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A Response to: Is Your Child a “Warrior” or “Worrier”?

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The first part of the article Why Can Some Kids Handle Pressure and Others Fall Apart? mainly focuses on student anxiety related to test-taking with fleeting mentions in other arenas, such as sport or artistic performances.  According to authors Merryman and Bronson,  how one deals with stress – whether one uses it to perform better or to perform less than optimal –  has much to do with brain chemistry:

“The people who perform best in normal conditions may not be the same people
who perform best under stress,” Diamond says. People born with the fast-acting enzymes “actually need the stress to perform their best.” To them, the everyday is underwhelming; it doesn’t excite them enough to stimulate the sharpness of mind
of which they are capable. They benefit from that surge in dopamine – it raises the
level up to optimal. They are like Superman emerging from the phone booth in
times of crisis; their abilities to concentrate and solve problems go up.

Some scholars have suggested that we are all Warriors or Worriers. Those with fast-acting dopamine clearers are the Warriors, ready for threatening environments where maximum performance is required. Those with slow-acting dopamine clearers
are the Worriers, capable of more complex planning. Over the course of evolution,
both Warriors and Worriers were necessary for human tribes to survive.

But doesn’t it depend?
We all know the student who can waltz through a theater performance yet crash and burn during a test, or a high school student who is a confident test-taker but chokes during a speech.
Excerpt:

1480686042-4718-in-a-jar-thumb-300x431-1024So while the single-shot stakes of a standardized exam is particularly ill suited for Worrier genotypes, this doesn’t mean that they should be shielded from all challenge. In fact, shielding them could be the worst response, depriving them of the chance to acclimate to recurring stressors.
Johnson explains this as a form of stress inoculation: You tax them without overwhelming them. “And then allow for sufficient recovery,” he continued. Training, preparation and repetition defuse the Worrier’s curse.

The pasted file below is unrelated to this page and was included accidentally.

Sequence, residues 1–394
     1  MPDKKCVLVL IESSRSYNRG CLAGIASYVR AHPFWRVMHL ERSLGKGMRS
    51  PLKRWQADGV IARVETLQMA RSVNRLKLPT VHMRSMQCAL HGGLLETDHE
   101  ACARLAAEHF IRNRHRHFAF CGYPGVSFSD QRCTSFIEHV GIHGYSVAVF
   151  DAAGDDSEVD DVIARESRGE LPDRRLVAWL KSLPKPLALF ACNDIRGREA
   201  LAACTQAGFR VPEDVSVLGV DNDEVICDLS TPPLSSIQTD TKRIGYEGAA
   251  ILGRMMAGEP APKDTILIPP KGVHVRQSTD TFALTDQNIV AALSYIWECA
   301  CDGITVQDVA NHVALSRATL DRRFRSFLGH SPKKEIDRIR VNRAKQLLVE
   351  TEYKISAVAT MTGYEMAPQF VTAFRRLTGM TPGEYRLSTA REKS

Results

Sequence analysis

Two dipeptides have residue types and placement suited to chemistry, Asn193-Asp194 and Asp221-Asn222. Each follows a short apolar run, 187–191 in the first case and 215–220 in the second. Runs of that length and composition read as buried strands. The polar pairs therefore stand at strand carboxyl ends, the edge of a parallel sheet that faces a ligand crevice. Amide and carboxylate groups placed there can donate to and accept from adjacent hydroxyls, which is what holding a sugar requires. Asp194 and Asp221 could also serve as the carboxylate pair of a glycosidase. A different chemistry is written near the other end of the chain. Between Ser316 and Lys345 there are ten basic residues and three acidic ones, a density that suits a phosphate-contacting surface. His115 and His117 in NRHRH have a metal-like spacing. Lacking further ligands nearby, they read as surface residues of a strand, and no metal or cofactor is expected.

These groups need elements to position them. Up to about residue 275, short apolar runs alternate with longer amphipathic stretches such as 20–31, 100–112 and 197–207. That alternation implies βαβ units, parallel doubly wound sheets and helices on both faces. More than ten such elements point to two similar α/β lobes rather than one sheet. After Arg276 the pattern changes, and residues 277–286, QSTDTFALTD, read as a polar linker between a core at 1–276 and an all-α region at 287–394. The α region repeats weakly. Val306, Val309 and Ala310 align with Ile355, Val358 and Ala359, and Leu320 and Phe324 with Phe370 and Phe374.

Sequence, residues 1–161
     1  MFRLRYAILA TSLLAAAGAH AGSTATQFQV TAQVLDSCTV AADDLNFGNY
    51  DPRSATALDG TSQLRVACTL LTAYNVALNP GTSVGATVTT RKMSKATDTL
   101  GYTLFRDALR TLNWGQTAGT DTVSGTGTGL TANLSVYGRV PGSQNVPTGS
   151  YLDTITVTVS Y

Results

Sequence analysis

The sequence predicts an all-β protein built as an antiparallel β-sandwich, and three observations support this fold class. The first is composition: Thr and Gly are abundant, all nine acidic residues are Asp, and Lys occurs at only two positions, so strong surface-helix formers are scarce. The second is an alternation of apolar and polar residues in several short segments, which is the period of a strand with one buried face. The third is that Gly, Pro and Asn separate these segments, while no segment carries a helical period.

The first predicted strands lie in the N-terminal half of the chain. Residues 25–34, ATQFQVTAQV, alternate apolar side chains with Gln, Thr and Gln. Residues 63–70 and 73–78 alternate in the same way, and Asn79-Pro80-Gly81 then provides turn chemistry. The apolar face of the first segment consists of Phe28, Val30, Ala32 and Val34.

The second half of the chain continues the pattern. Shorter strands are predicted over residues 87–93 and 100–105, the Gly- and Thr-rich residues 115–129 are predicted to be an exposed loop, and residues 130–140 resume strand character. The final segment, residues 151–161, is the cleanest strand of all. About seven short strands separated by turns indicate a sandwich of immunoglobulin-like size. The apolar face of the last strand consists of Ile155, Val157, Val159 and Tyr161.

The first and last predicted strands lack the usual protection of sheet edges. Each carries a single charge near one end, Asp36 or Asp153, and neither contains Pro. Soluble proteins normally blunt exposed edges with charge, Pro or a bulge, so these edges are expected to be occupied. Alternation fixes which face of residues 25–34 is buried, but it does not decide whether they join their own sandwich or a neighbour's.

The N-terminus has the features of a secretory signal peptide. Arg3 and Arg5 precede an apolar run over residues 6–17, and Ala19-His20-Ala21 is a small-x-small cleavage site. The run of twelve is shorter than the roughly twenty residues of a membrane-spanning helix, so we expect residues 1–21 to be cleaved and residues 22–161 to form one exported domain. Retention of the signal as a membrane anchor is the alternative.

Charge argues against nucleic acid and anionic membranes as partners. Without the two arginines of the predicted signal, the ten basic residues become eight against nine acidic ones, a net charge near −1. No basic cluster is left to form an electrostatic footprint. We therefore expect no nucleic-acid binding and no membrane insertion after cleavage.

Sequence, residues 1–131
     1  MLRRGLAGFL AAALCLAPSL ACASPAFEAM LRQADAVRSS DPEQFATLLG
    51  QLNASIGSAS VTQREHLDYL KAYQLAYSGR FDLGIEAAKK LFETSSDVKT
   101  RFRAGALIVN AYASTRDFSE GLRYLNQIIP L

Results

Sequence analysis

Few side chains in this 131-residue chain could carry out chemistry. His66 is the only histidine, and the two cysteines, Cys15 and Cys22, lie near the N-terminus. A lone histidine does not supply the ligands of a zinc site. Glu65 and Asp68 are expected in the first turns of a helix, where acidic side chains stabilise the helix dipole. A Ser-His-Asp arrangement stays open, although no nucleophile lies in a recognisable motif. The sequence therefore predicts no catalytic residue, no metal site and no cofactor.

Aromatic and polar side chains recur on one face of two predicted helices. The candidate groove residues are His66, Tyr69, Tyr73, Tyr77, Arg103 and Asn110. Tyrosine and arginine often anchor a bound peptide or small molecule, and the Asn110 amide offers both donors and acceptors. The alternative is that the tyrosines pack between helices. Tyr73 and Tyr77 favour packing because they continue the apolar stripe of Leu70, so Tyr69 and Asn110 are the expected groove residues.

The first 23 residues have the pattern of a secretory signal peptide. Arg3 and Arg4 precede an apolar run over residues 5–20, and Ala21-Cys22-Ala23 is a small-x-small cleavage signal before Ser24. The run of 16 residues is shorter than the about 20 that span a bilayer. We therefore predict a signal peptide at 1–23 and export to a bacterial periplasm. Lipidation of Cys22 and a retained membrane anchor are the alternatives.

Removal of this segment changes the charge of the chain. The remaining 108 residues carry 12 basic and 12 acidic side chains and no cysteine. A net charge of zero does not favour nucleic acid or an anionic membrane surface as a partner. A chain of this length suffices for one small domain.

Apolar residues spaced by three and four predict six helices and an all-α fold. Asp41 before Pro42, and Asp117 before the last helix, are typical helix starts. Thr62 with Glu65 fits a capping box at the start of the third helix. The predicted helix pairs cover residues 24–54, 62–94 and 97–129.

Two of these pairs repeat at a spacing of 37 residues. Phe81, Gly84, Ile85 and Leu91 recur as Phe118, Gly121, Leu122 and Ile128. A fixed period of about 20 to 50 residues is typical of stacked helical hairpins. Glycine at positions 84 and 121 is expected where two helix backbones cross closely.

It would be fairly difficult to go through life “shielded from all challenge”.  Sounds like practice-makes-habit but aren’t we talking about test prep and how to practice how to take a test?

(See  my review of Sian Bellock’s book in the post Choke, Test-Takers: A New Way to Look at Test-Prep? )  And shouldn’t there be other forms of assessments, such as portfolios of work as expressed by educator Tony Wagner in his book, Creating Innovators?

The article then advocates for more competition – the right kind – among students to acclimate them to the stresses one needs to be able to handle
in life.  The authors make the case that  the SAT and other high-stakes standardized tests “lack the side benefits of competing that normally buffer children’s anxiety.”  The answer?  Bring on academic competitions such as spelling bees, Math competitions and chess clubs.

High-stakes academic testing isn’t going away. Nor should competition among
students. In fact several scholars have concluded that what students need is more academic competition, but modeled on the kinds children enjoy.

One would think the above-mentioned forms of “right” competition usually would be selected by students themselves. In other words, these are venues of choice.  I would think a poor speller wouldn’t exactly be thrilled by the prospect of a public spelling bee competition.  Rick Lavoie tackles the issue of competition along this line of thinking.  In fact, he believes
there is another greater motivator which I won’t spoil for you – check out
The 3 Myths about Competition: How it affects student motivation.

What say ye on this topic?  You may also want to see the Kindergarten Test Prep video below, especially the 2:30-4:00 mark – it’s a gem.  You’ll see
what I mean.  Video runs 5 minutes.

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